IdaRose Sylvester, Silicon
As we enter 2009, reducing spending, improving productivity of smaller teams, and the perceived imperative to improve the corporate ’green’ footprint are three priorities facing corporations.
Video in the enterprise has been heralded by suppliers and pundits as a cost-saving, productivity-improving, green panacea for years, and the technology is finally coming together well enough to no longer be considered a true obstacle.
But does that mean you should implement video in your enterprise in 2009? This article frames the debate by discussing the various uses of the technology so that you can decide if video is the right choice for your organisation.
In the enterprise, video can play three major roles: one-to-one telephony, to bring individuals together over a video phone or PC; video conferencing, to bring groups together for live meetings (which can be unicast or bidirectional); and video on demand, for storing videos used for training and communications purposes.
With telephony, a few people who would normally have a conference call can enrich the experience through a video chat. However, talking heads staring at each other in a simple meeting are not necessarily inherently valuable, unless participants are sharing extensive visual information or need to see body language to interpret nuances of a challenging conversation (though video quality has, up until now, mitigated the latter benefit).
If additional collaboration tools can be added to the conversation, such as a shot of a real white board, or indeed a PC-based virtual white board, more value is derived, but virtual white boards can be used without video too.
With video conferencing to bring groups together in a virtual meeting, or to broadcast from one point to many, the benefits are more obvious. In team meetings, strategic planning sessions and other meetings where teams must come together to learn, solve problems, debate and tackle issues, often for many hours at a time, video brings life to the meeting.
For unicast broadcasting of a live meeting, video can add a dimension that makes important or challenging messages come to life for the viewer. But calculating the actual value of such implementations remains a challenge.
Lastly, video on demand, used for corporate training and messaging, offers the clearest value to the enterprise. Video training can ensure unified education across teams and gets the enterprise over time-zone concerns.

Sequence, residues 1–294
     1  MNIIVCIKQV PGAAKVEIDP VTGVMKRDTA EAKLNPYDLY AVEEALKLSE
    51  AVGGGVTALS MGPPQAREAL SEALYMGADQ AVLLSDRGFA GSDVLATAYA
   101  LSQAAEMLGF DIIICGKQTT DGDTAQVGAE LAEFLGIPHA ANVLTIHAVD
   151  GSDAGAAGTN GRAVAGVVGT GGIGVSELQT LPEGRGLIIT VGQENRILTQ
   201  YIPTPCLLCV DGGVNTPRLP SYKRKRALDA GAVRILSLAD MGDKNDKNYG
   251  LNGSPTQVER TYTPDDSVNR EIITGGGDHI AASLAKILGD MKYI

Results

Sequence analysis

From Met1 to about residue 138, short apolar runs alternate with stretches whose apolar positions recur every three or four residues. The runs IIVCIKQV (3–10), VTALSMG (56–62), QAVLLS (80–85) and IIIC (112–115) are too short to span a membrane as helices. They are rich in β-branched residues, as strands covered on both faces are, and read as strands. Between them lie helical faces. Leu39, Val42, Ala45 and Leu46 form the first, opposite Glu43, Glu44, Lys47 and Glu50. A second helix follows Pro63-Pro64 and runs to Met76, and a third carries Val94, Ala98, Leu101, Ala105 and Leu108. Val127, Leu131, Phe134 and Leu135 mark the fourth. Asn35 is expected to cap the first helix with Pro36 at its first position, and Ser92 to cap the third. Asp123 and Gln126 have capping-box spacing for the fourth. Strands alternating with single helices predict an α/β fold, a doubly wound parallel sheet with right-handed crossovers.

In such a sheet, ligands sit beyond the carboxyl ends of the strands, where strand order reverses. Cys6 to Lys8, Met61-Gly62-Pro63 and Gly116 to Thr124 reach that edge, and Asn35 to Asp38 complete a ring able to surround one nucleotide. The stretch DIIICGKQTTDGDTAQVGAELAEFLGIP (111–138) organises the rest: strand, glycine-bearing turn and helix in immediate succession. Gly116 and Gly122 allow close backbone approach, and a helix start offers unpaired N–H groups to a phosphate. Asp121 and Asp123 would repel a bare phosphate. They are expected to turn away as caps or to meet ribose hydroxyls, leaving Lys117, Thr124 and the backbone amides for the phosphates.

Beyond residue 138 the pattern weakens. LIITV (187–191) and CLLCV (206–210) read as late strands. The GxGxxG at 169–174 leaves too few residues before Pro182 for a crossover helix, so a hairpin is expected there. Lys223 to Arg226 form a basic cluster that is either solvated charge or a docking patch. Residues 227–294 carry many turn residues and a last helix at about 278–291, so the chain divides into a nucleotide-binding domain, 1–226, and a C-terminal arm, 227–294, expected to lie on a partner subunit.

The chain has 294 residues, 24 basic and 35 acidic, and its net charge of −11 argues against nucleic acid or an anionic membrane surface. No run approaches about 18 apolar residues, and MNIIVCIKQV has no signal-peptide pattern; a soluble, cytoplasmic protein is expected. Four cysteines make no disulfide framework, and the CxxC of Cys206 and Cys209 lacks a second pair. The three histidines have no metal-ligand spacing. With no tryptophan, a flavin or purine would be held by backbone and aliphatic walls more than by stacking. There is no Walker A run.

For executives and other users who truly embrace creating video for on demand consumption, video can be a useful tool for recreating the water cooler, and for sharing interesting news such as design wins, introducing new team members and sharing informal greetings.
All forms of video usage share common downsides. For one, implementation costs can be quite high, which is an unappealing hurdle when budgets are tight. Provisioning of video cameras, video phones, appropriate routing and backup equipment – not to mention software and user and IT training – all take money and time.
An exception to the big infrastructure rollout costs are roll-your-own video services that rely on cost-effective desktop cameras and typically have SaaS-like video storage and management systems.
Another implementation concern is user acceptance. While video can provide a realistic experience akin to face-to-face meetings for an individual or a group, and in theory that can enhance communications and trust, that doesn’t mean users are automatically interested in using a new video system. If forced from the top down, video telephony and conferencing may be viewed as an intrusion, or worse, another system that must be learned and – given the long-held biases about the quality of video – assumed will fail.
A grey area is video training and communication, where users around the globe may gain better access to training and to other members of the corporation.
Lastly, there are the long term overheads of video in the enterprise. First of all, organisations that want a professional look to their content will need not just high-quality equipment and production space but also a professional production manager. Post production, video must be securely archived and searchable. For this, bandwidth, storage, software and even additional staff may be needed.
So should video in the enterprise be part of your strategy in 2009? Only if it can solve a clearly defined problem. Simply making video available doesn’t mean users will watch it or change because of it.
Organisations must ask themselves what problems they are facing and then what role video would play in their resolution. For example, if training budgets are tight, video-based training may require only one trainer and one session, and reach employees around the world without requiring travel costs.
In the same way, unicast webconferencing may be an efficient way for management to spread messages to employees, without travel costs.
We recommend using video in small trials to prove the utility of the solution in your organisation, and help you determine if a large-scale rollout makes sense.